Black Diamond - for experts only...
Black Diamond – for experts only…

There is a trend I’ve noticed in debates (especially online) where it is put forth that who you are disqualifies you from making any statement on a controversial issue. Those familiar with logic will recognize this as the genetic fallacy, that a statement’s origin can determine whether it’s true or false. And yet it persists in the public square. Here are some examples, some of which I’ve been personally challenged with: you can’t speak about human behavior unless you’re a psychologist; you can’t speak about science without being a scientist; you can’t speak about abortion unless you’re a woman; you can’t speak about legal issues unless you’re a lawyer, and on and on. Since this is often brought up, let’s look at this in more detail.

First off, does someone trained in a particular discipline and working in that area have an advantage over the typical layman in discussing that topic? Certainly, but this doesn’t preclude other people from forming reasonably valid opinions on the same topic. For instance, if you want to know whether your office building can support a heavier rooftop air conditioning unit, by all means, call an engineer like myself to investigate that for you. We’ll apply our knowledge, experience, and specialized analysis software to your situation to work out the safest, best solution to the problem. But if you’re in your office, and the roof is starting to visibly sag, the sheetrock on the walls is starting to buckle inward, and you can hear loud noises as bolts suddenly snap, please, don’t think you need to wait on an “expert” to tell you that you need to get out! That situation doesn’t require an expert to say “Run!” There is a difference between needing the fine-tuned conclusion that a subject matter expert can bring to a topic and needing to establish the broad, basic solution that can be deduced by anyone applying valid reasoning to the evidence at hand. In the roof collapse example, it doesn’t really matter to the occupants whether the roof beams are failing due to lateral-torsional buckling or by block shear at the column connection. They can look at the ceiling getting closer to their heads, and listen to the building, and reasonably come to the same basic conclusion as the engineer: this building is collapsing and we need to evacuate. Likewise, you don’t need to be a psychologist to recognize the guy trying to run people off the road has some serious anger issues he needs to deal with. And lawyers, despite their expertise, actually don’t decide the guilt or innocence of a person charged with murder. They can only explain the case; average citizens on the jury make the decision.   This idea that only experts on a topic can speak on any level about that subject leads to blind faith in those experts, and is really a forfeiture of our responsibility to dig deep and understand the issues we face. Please understand, this is a standard I hold myself to as well. If you hire me as an engineer, and I make some crazy-sounding recommendation that I can’t explain any basis for, don’t blindly trust me either – by all means, call me out on it.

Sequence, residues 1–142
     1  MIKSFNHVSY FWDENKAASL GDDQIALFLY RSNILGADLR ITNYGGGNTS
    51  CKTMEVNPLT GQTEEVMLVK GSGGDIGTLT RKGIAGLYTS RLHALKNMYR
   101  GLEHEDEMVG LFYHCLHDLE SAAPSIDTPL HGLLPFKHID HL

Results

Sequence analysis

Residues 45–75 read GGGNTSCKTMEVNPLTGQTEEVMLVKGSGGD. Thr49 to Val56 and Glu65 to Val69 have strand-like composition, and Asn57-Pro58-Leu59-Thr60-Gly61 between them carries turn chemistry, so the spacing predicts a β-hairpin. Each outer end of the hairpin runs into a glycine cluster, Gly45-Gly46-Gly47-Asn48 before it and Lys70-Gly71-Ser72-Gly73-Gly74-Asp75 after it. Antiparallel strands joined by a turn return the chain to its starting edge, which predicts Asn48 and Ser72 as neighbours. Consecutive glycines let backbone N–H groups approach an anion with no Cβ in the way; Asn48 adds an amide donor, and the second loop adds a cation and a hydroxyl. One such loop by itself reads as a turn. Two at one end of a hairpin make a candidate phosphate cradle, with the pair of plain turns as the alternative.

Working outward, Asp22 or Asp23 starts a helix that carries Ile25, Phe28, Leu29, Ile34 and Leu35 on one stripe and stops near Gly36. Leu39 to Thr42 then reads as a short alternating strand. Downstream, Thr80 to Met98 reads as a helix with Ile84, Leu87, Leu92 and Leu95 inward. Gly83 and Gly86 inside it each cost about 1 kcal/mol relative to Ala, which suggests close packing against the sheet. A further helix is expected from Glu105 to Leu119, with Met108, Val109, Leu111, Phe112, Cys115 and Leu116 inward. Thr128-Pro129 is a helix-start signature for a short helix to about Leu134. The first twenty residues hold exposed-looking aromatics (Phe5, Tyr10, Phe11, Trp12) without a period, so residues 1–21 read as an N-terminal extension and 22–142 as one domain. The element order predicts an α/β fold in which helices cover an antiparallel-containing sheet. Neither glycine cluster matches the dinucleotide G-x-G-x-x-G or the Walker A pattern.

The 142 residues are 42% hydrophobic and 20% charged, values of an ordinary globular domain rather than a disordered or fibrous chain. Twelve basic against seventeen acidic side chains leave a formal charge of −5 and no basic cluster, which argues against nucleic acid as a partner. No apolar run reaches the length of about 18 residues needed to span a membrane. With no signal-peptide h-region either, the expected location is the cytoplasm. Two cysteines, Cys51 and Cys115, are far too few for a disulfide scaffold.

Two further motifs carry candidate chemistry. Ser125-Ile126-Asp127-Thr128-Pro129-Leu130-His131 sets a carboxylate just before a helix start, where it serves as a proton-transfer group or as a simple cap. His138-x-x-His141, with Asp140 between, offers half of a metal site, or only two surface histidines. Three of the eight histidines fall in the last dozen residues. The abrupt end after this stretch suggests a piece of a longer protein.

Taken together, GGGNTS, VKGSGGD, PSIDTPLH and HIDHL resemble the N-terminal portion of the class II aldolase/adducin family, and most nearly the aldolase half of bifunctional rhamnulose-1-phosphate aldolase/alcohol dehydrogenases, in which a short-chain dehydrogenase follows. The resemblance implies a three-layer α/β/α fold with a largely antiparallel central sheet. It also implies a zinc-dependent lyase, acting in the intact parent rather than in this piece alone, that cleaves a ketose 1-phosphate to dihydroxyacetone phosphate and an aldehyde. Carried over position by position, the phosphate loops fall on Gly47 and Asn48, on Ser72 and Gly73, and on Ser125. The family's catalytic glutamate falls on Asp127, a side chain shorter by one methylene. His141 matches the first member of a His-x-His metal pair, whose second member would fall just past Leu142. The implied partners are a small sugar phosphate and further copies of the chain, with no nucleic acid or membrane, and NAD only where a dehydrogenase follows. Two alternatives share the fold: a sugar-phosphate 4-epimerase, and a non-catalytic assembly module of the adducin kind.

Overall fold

Something else to consider is that amateur enthusiasts often develop extensive knowledge in those areas that attract them. For example, I don’t often have to deal with liquefaction as a design consideration, but someone whose house collapsed in an earthquake because it was built on susceptible soil may devote their life to learning everything they can about liquefaction mitigation. Even though they may not have the engineering credentials that I do, I might still do well to heed what they say about that topic. I’d want to verify how they arrived at their conclusion, but we should never discount someone’s statements simply because of the person making the statements. You see, ultimately, the objective nature of truth determines the validity of the message, not the qualifications of the messenger.